The same could also be said about Papadom. Not just because it sounds delicious, though it sounds typically Malaysian (or Indian. Even if it’s not, it sounds like it anyway). Mainly because it’s got Afdlin Shauki in it. I once wrote in the review for ‘Sumolah’, stating that Afdlin is the closest of today’s entertainers that we have to P. Ramlee, with especial regards to comic timing, as well as talents behind the camera. Of course, it was edited into ‘Afdlin is P. Ramlee’, which got me some flak from people. His movies are entertaining; failing which, he is always entertaining, sugarcoating social issues into sweet tasting comedy. And he half-semi-regularly updates his blog, which does make for interesting reading when he does. Oh, the movie? It’s about a father’s love for a daughter, or rather, over-love for his daughter. He loves her so much, he gives her Nasi Kandar for lunch at school almost everyday. Though I wouldn’t have minded Nasi Kandar for lunch at school.
From Nasi Kandar to an even rarer delicacy: that of the period Malaysian movie. Yes, ladies and gentleman, despite our rich history and culture, we don’t make movies about our own history (off the top of my head, there’s probably a one-in-twenty strike rate right now). In fact, Saiful Apek would probably get through three movies before someone finally decides to move and say, “Hmm, 50th year of independence. Let’s make something.” So when one does come along, appreciate it. Even if it is shit. We don’t know yet the fate that awaits Lembing Awang Pulang Ke Dayang (what a title as well!). But if people flock to star power, then this movie has plenty of it. No Saiful Apek, but we’ll make do with Farid Kamil, Ejad and Zul Huzaimy, who play out a love triangle of sorts in 1776. And oh, I so wish that the Malaysian tendency to give away the whole story is changed! Infuriating, I tell you. For that reason, don’t visit the movie’s page on Sinema Malaysia.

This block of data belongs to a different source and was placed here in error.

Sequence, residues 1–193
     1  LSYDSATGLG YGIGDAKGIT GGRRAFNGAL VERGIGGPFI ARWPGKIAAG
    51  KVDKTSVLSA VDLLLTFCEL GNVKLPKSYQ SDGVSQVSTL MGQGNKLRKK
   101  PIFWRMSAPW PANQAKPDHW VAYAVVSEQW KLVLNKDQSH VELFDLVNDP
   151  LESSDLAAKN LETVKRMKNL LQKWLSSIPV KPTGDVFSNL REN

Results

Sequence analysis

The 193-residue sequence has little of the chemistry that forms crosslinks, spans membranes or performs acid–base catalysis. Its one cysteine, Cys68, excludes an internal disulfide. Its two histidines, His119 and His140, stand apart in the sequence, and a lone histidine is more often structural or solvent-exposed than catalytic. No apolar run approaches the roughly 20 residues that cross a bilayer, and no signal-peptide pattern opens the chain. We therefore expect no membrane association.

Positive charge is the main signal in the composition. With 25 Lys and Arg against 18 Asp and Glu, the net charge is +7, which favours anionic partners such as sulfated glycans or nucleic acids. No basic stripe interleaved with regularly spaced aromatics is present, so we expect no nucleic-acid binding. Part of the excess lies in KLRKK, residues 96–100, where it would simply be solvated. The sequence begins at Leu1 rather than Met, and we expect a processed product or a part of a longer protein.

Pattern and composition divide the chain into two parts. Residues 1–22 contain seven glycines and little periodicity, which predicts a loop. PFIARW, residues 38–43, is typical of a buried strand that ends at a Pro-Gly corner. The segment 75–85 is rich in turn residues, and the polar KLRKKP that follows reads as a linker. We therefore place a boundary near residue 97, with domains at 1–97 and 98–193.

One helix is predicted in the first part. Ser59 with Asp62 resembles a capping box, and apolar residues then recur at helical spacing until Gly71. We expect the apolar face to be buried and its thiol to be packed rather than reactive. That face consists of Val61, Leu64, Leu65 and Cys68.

Despite that, the Internet is still a useful hunting ground. For example, Yasmin Ahmad blogs extensively to document her experiences. Inadvertently (or otherwise: she does have a background in advertising), she has managed to build up interest in her movies. One example is Muallaf. The story follows two sisters who escape from their abusive father, and finding solace with another guy, Brian, who has a similar background to them. Together the girls and Brian learn to confront old ghosts and lay them to rest (I literally lifted this line from the aforementioned blog). That’s not to say that other sources haven’t done their part; this was the movie that Sharifah Amani shaved her head for, an act that hit the headlines for all the wrong reasons last year, unfortunately. Of course, you could say that Kak Yasmin could have seen it coming from a mile away. Lucky for us, then, that she doesn’t seem to care that much about what other people think.
Another brave filmmaker we have is Amir Muhammad (who probably could have seen the ‘Communist’ controversy a mile away as well). Since then, he’s been moving from behind the camera to even further behind the camera, producing other films and indulging in a spot of writing. Later this year, his mainstream horror fare (what is it with the indie darlings moving into the cinemas with ghost stories?) Susuk comes to haunt us. Admittedly, it is a double act with Naeim Ghalili, who I’ve not heard of before, give or take a few credits on ‘Cinta’ and ‘Lelaki Komunis Terakhir’. Nevertheless, my interest is piqued. Amir wrote of his frustrations with the extensive post production stage. “But when I saw the fully graded film, with the mixed sound, in Bangkok last week,” he wrote on his blog, “I got all excited all over again.” It should be very interesting, then.